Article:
The Colorado digital health community means a lot to me. Not just because it’s full of amazing people doing inspiring things. And not just because it’s one of the warmest, most welcoming and supportive communities I’ve ever known. Colorado digital health means a lot to me because of what its members are doing to transform the US healthcare system.
Their willingness to work together, to make sacrifices for one another, and to lend a hand when their companions stumble is truly awe-inspiring. And if you need proof that this collaborative spirit is accelerating the transformation of American healthcare, look no further than the Colorado digital health company BurstIQ.
“BurstIQ revolutionizes access to health data by solving its transparency and security problems,” Frank Ricotta, the CEO of BurstIQ, explained to me recently. “Our company’s secure blockchain-based intelligent data grid connects to any data stream with sleek FHIR-compliant APIs and provides the capability to quickly share information and implement digital health innovations.”
(Not sure what blockchain is or why it’s important? Check out this recent article in CIO magazine about the importance of blockchain in healthcare.)
Composed of an exceptional team, BurstIQ is currently working with healthcare systems throughout Colorado to optimize care delivery by harnessing the power of data.
And only a year ago, the company didn’t even exist.
When I first met BurstIQ’s CEO Frank Ricotta, I was working as a volunteer at 10.10.10 Health, a yearly CEO boot camp that pits ten entrepreneurs against ten wicked problems for ten days. The brainchild of Tom Higley, 10.10.10 was meant to inspire experienced CEOs to create market-driven solutions to some of the world’s most wicked problems.
Frank was one of the CEOs chosen to take part in the boot camp. Over the course of ten days, I was amazed to watch him apply his skills and knowledge to cracking the wicked problem of health data. Just as amazing was how the huge team of 10.10.10 volunteers around him helped Frank understand the magnitude of the problem he was facing before advising him on how best to refine his approach to solving it.
Two months after completing last year’s 10.10.10, Frank Ricotta had assembled a team, founded a company, and obtained seed funding. Now, after almost a year in business, BurstIQ is generating revenue and adding new employees. Most importantly, it’s helping healthcare providers use data to improve care for patients across the state of Colorado.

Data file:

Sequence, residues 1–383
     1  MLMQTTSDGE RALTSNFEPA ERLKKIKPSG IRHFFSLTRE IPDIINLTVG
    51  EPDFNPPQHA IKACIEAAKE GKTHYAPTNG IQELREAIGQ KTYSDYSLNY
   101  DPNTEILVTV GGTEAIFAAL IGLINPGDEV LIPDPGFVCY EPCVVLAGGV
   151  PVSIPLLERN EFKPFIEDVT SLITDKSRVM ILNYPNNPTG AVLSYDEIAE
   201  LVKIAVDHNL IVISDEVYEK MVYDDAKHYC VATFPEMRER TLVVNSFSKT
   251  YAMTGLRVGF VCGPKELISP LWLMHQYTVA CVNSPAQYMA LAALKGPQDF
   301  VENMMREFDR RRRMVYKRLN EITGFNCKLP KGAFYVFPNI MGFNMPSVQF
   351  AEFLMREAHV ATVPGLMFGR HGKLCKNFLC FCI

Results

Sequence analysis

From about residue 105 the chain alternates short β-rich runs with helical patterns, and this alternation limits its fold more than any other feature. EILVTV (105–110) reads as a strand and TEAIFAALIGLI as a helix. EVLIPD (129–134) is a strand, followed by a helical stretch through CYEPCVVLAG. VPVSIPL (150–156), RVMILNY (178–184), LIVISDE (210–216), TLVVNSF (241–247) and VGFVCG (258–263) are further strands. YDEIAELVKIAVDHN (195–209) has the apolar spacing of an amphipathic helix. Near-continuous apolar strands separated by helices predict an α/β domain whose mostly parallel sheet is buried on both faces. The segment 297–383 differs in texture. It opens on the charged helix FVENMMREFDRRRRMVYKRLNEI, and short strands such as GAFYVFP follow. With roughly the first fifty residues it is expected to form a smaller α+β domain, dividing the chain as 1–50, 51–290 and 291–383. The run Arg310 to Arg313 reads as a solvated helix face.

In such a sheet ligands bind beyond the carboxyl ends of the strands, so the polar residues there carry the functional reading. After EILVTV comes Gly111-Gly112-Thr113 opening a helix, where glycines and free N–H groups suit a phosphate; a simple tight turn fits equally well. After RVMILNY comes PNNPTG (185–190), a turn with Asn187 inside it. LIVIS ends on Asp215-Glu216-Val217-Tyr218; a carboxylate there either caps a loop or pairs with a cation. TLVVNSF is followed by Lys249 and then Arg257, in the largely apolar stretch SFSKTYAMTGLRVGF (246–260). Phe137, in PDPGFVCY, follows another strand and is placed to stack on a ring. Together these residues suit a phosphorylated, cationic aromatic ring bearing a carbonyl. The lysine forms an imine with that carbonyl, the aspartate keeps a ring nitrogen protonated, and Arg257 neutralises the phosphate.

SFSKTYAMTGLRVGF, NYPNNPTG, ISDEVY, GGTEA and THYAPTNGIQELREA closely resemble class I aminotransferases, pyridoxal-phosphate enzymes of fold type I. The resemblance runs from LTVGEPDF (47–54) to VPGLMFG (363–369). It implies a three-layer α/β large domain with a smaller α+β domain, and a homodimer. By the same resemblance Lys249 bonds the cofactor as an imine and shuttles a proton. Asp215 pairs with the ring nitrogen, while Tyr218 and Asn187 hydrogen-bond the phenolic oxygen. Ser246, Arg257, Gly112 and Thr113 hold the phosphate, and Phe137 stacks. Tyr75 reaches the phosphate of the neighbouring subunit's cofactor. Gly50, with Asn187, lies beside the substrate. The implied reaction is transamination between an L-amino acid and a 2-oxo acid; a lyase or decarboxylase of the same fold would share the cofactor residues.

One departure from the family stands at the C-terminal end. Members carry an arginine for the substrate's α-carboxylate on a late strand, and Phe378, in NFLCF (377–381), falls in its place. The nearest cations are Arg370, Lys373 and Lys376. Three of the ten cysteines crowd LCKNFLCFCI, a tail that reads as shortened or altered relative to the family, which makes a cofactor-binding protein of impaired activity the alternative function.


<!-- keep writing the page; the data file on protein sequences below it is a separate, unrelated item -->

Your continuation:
When you ask Frank how he did it, he gives all of the credit to the Colorado digital health community. “I think being a part of communities like 10.10.10 and Prime Health has accelerated BurstIQ between twelve to eighteen months in terms of the company’s development,” he told me recently.
After coming to life at 10.10.10 and growing into a real company through the connections made possible by Prime Health, it was only natural that BurstIQ would become one of the first startups to join Catalyst HTI. In fact, ever since I first introduced Frank to the idea, he has been one of Catalyst HTI’s biggest advocates.
“The culture that’s being built around Catalyst HTI is an amazing collaborative culture,” Frank said. “In the early tech boom, that’s what made Silicon Valley great. Yes, there was fierce competition, but it was the collaborative culture that drove a lot of innovation, and you see that starting to happen around Catalyst HTI.”
What makes Frank such a great example of the Colorado digital health community is his willingness to help others in their efforts to transform the healthcare system. BurstIQ already offers access to its secure platform to our entire community so that we all can scale faster, safer, and easier. Once Catalyst HTI opens its doors, Frank plans to do the same for the other startups in the building to help accelerate the development of their own solutions.
“Catalyst will act as a super accelerator for the companies inside of it,” Frank admitted to me. “It is going to become the epicenter of digital health in this country.”